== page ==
### 3.6 Fermionic-bosonic stars

The possibility of compact stellar objects made with a mixture of bosonic and fermionic matter was
studied in Refs. [111, 112]. In the simplest case, the boson component interacts with the fermionic
component only via the gravitational field, although different couplings were suggested in [112] and have
been further explored in [66, 180]. Such a simple interaction is, at the very least, consistent with models of
a bosonic dark matter coupling only gravitationally with visible matter, and the idea that such a bosonic
component would become gravitationally bound within fermionic stars is arguably a natural
expectation.
One can consider a perfect fluid as the fermionic component such that the stress-energy tensor takes the
standard form

where is the energy density, is the pressure of the fluid and its four-velocity. Such a fluid
requires an equation of state to close the system of equations (see Ref. [85] for more about fluids in
relativity). In most work with fermionic-boson stars, the fluid is described by a degenerate, relativistic
Fermi gas, so that the pressure is given by the parametric equation of state of Chandrasekhar
where and the mass of the fermion. The parameter is given by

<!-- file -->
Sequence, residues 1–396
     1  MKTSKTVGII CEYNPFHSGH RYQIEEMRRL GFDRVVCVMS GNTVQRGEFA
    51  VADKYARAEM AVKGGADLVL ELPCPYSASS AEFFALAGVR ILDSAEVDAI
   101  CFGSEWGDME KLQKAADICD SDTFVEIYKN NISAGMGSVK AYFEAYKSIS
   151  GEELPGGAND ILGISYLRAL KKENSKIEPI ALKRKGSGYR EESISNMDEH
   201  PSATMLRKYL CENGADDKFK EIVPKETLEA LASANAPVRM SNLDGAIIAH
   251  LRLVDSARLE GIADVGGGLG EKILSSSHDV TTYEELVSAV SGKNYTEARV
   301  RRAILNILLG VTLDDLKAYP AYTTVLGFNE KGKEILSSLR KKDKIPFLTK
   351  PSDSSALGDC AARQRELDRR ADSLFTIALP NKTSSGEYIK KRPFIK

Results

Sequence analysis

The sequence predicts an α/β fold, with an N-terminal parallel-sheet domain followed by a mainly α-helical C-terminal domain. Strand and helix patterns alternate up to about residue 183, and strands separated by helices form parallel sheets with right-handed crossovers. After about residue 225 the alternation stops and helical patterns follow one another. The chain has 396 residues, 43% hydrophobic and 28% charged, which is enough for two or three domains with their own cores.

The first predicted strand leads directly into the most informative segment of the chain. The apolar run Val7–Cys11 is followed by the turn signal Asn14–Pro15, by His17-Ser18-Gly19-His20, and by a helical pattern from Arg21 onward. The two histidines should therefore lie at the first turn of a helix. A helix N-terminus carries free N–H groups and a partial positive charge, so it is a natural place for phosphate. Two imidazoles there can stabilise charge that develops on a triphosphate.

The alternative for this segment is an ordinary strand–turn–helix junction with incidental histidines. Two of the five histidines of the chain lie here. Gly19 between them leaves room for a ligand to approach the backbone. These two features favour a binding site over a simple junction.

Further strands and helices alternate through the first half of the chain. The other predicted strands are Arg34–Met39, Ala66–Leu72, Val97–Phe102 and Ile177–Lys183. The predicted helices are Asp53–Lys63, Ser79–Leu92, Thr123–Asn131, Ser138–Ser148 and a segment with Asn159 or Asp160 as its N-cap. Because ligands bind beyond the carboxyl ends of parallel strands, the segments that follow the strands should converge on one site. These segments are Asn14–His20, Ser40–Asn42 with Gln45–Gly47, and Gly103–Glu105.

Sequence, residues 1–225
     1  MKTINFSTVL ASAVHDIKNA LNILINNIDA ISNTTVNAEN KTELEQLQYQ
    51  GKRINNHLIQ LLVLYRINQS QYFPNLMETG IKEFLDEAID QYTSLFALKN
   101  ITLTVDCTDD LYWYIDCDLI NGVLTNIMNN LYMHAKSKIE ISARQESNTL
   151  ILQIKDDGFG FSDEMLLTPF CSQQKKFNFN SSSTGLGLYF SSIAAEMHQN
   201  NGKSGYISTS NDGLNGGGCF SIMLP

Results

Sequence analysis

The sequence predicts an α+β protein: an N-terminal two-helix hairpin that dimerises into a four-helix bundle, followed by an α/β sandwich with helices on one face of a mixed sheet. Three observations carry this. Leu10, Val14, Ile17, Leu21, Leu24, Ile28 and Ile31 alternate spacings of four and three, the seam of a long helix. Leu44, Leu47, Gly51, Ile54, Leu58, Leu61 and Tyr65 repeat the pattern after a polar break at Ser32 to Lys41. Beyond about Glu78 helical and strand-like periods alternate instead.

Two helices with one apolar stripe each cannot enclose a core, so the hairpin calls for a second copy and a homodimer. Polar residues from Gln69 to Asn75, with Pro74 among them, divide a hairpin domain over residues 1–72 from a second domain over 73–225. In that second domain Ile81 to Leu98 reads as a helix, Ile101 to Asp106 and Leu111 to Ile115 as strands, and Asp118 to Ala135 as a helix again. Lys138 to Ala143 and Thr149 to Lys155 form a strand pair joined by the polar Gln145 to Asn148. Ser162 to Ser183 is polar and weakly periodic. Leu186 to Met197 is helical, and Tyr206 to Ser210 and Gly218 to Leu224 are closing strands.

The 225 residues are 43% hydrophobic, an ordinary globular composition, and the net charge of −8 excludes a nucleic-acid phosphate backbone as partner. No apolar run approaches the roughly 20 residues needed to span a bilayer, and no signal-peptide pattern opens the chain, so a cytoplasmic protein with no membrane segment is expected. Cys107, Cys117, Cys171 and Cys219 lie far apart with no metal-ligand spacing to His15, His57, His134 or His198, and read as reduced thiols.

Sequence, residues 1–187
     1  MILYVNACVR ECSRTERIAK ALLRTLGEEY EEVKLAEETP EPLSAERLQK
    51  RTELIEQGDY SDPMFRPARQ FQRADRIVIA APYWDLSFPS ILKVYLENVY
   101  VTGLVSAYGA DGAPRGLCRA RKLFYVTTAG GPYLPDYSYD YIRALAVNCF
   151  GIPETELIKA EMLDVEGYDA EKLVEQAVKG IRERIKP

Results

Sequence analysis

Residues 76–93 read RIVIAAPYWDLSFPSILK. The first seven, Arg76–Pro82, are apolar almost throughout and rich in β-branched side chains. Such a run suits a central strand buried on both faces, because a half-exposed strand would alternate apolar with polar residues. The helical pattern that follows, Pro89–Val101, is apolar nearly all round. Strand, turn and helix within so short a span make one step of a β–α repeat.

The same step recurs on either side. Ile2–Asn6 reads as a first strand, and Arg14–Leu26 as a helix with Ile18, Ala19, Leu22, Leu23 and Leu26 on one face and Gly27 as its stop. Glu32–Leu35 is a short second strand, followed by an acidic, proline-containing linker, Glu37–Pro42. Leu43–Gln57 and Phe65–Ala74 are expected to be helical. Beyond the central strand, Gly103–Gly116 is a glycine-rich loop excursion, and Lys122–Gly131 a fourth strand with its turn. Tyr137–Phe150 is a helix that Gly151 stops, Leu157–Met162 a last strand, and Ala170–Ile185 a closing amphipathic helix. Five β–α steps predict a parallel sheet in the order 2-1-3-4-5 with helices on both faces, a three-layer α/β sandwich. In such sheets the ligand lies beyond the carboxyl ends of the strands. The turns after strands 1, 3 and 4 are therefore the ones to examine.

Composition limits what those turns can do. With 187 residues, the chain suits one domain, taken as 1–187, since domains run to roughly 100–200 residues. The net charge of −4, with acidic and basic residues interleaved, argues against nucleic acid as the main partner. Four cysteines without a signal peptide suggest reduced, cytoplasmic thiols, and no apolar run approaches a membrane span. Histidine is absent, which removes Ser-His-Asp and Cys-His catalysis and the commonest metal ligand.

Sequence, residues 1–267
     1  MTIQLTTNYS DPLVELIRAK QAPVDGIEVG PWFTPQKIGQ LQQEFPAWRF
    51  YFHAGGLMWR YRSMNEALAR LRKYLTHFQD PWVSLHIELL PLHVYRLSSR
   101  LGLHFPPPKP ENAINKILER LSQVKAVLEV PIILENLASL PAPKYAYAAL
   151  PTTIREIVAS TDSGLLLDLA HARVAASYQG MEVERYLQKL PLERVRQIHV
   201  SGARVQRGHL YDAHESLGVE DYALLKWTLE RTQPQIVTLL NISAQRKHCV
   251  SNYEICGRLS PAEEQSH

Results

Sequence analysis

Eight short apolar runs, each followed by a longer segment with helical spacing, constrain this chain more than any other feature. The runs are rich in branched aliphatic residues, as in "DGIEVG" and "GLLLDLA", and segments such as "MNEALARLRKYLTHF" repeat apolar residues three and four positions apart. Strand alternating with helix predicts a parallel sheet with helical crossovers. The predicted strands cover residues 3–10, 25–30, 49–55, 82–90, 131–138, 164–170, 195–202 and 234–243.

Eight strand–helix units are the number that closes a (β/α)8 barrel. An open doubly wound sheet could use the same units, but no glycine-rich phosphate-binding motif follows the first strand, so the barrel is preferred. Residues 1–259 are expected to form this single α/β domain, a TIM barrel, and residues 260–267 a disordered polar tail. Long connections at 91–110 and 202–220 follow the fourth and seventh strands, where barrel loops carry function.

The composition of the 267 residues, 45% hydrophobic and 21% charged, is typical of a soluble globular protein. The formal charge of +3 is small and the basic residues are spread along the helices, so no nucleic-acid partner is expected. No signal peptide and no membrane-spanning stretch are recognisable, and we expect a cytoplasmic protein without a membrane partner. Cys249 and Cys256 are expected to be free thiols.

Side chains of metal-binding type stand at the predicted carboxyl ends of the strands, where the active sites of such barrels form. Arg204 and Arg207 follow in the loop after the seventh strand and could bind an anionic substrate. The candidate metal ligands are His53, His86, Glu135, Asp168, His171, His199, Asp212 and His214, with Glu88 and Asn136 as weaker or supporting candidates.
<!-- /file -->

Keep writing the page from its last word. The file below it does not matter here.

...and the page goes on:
where is the maximum value of the momentum in the Fermi distribution at radius .
The perfect fluid obeys relativistic versions of the Euler equations, which account for the conservation of
the fluid energy and momentum, plus the conservation of the baryonic number (i.e., mass conservation).
The complex scalar field representing the bosonic component is once again described by the
Klein–Gordon equation. The spacetime is computed through the Einstein equations with a
stress-energy tensor, which is a combination of the complex scalar field and the perfect fluid

After imposing the harmonic time dependence of Eq. (33) on the complex scalar field, assuming a static
metric as in Eq. (34) and the static fluid , one obtains the equations describing equilibrium
fermion-boson configurations
These equations can be written in adimensional form by rescaling the variables by introducing the
following quantities

By varying the central value of the fermion density and the scalar field , one finds
stars dominated by either bosons or fermions, with a continuous spectrum in between.
It was shown that the stability arguments made with boson stars can also be applied to
these mixed objects [121]. The existence of slowly rotating fermion-boson stars was shown
in [65], although no solutions were found in previous attempts [136]. Also see [73] for unstable
solutions consisting of a real scalar field coupled to a perfect fluid with a polytropic equation of
state.